ELEGY

Hedonistic Drama

Content -3
Quality
None Light Moderate Heavy
Language        
Violence        
Sex        
Nudity        

Release Date: August 08, 2008

Starring: Ben Kingsley, Penelope Cruz, Peter Sarsgaard, Patricia Clarkson, and Dennis Hopper

Genre: Drama

Audience: Adults

Rating: R

Runtime: 108 minutes

Distributor: Samuel Goldwyn Films

Director: Isabel Coixet

Executive Producer: None

Producer: Rom Rosenberg, Gary Lucchesi and Andre Lamal

Writer: Nicholas Meyer

Address Comments To:

Samuel Goldwyn, Jr., Chairman/CEO
Meyer Gottlieb, President
Samuel Goldwyn Films
9570 West Pico Blvd., 4th Floor
Los Angeles, CA 90035
Phone: (310) 860-3100
Fax: (310) 860-3195

Content:

(RoRo, PaPa, LL, SSS, NN, A, MM) Strong Romantic worldview mixed with strong hedonistic pagan elements; 11 obscenities and two profanities; no violence; graphic depiction of multiple sexual scenes; multiple scenes of upper female nudity, upper male nudity, and rear female nudity; wine drinking; no smoking or no drugs; and, adultery, divorce, bad father/son relationship, and a negative view of marriage

Summary:

ELEGY is an emotional drama about an aging professor who falls in love with one of his young students. Though well acted, ELEGY contains much nudity and sex, and the worldview is clearly Romantic and filled with hedonism.

Review:

ELEGY is an emotional drama about David (played by Ben Kingsley), an aging university professor whose main interest in teaching is seducing female students. He meets a student named Consuela (played by Penelope Cruz) and is immediately attracted to her, not only physically but also emotionally. Though there is a thirty year difference in their ages, they strike up a relationship that lasts for two years.

David considers Consuela’s beauty to be a work of art, yet cannot accept the fact that she really loves him. He becomes increasingly obsessive over her. His cowardice regarding commitment and fear of losing her ultimately drives her away.

The story follows David as he mourns the loss of his best friend, George, and two more years pass. Then, Consuela enters his life again, this time for a surprising reason. David starts to overcome his fear of relationships, having learned much from Consuela.

Ben Kingsley gives a great performance as the conflicted, aging professor struggling with his own mortality and inability to truly have a relationship. At times, he’s attractive, and at times, repulsive. Penelope Cruz shines as the object of his desire, and Dennis Hopper as David’s best friend is charming, if morally questionable. There are many aspects of this movie to commend, including the writing and directing.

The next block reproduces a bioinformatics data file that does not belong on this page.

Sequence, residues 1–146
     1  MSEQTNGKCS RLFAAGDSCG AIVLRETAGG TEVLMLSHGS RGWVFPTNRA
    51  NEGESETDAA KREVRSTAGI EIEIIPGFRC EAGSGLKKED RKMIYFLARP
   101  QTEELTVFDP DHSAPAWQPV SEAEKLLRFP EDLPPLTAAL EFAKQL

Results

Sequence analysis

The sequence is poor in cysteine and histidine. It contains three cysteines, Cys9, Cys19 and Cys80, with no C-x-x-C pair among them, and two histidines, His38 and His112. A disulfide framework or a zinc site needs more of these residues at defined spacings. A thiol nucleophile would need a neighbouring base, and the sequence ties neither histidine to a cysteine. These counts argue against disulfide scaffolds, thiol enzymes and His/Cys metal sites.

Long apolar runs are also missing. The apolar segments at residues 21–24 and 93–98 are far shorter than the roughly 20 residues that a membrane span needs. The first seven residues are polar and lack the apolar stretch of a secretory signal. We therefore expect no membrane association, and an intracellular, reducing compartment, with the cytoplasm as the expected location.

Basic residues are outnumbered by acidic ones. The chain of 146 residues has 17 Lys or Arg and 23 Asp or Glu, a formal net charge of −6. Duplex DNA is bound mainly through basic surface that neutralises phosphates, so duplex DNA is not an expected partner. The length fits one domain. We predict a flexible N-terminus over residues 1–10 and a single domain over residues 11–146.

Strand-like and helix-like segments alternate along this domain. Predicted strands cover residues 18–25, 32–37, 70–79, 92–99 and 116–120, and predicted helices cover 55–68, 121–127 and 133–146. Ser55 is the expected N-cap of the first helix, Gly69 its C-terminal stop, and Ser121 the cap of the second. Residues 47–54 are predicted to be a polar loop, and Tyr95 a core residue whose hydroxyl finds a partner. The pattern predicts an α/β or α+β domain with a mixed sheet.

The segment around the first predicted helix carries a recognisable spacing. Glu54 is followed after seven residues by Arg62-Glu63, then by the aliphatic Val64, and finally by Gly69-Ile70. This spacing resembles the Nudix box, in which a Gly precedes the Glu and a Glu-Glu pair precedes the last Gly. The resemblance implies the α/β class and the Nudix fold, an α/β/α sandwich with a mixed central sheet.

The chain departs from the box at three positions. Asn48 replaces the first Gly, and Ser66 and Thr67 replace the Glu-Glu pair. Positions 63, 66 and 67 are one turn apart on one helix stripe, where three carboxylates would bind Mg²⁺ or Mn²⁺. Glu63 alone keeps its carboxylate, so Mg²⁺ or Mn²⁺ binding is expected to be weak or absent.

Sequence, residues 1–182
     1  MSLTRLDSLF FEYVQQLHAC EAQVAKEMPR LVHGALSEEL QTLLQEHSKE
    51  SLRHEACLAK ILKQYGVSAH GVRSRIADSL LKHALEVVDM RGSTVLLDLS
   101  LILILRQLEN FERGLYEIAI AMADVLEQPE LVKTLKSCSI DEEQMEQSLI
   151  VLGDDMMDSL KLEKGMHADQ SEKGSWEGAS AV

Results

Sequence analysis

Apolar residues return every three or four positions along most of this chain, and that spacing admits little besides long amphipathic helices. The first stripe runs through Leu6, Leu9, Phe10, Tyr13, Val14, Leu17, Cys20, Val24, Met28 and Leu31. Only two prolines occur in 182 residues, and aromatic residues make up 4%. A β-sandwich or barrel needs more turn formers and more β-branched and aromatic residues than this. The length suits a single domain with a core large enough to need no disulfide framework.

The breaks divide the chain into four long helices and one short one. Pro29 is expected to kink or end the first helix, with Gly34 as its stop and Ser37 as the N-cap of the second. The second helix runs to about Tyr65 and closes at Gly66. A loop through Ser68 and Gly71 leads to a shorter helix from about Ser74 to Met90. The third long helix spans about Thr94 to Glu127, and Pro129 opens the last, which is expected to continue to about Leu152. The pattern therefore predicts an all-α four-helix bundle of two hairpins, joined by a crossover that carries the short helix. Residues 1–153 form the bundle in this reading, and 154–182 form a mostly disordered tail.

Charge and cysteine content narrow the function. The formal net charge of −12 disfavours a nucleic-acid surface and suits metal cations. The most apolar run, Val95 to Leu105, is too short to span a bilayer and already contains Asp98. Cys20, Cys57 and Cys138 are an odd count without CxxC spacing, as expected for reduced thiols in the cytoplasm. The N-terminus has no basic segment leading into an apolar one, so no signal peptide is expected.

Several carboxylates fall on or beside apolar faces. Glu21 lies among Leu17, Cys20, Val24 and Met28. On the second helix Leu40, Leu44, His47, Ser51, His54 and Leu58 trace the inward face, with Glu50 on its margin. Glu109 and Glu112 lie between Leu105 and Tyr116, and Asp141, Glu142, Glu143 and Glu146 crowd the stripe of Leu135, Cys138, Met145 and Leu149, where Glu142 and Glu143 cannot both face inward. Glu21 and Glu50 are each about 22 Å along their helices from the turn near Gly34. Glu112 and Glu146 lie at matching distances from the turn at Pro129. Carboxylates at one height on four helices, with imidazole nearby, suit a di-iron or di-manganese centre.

However, the movie’s worldview is clearly Romantic. Consuela becomes everything to David. When he has her, he’s happy, and when he doesn’t, his life is has no meaning. Further, the movie suffers from a hedonistic outlook mixed with this Romanticism. For example, David glorifies the “free love” of the 1960s as a re-discovery of “sexual happiness” that allegedly had been stamped out by the Puritans. David himself is a “serial seducer” and ultimately suffers from a lack of genuine relationship. Outward beauty is valued above character and the comment is made that David doesn’t really know Conseula because he’s too enamored with her looks.

David himself is a womanizer of college students and has a terrible relationship with his son from a former marriage. His son begins to repeat the same mistakes of his father as he begins to cheat on his own wife. There is much depicted sex in ELEGY as well as many scenes of a topless Consuela. Media-wise viewers are best advised to stay away from this excessive art-house work.

In Brief:

ELEGY is an emotional drama about David, an aging university professor whose main interest in teaching is seducing female students. He meets a beautiful student named Consuela and is immediately attracted to her, physically and emotionally. Though there is a thirty year difference in their ages, they strike up a relationship that lasts two years. David considers Consuela’s beauty a work of art, yet cannot accept the fact that she really loves him. He becomes increasingly obsessive over her. His cowardice regarding commitment and fear of losing her drives her away.

Ben Kingsley gives a great performance as David. Penelope Cruz shines as the object of his desire. Dennis Hopper is charming, but immoral as David’s best friend. The movie’s worldview, however, is Romantic. Consuela becomes everything to David. When he has her, he’s happy. When he doesn’t, his life has no meaning. Further, David glorifies the “free love” attitude of the 1960s as a re-discovery of “sexual happiness” that allegedly had been stamped out by the Puritans. There is much sexual content in ELEGY, plus many shots of a topless Consuela. Thus, media-wise viewers will want to avoid this art-house work.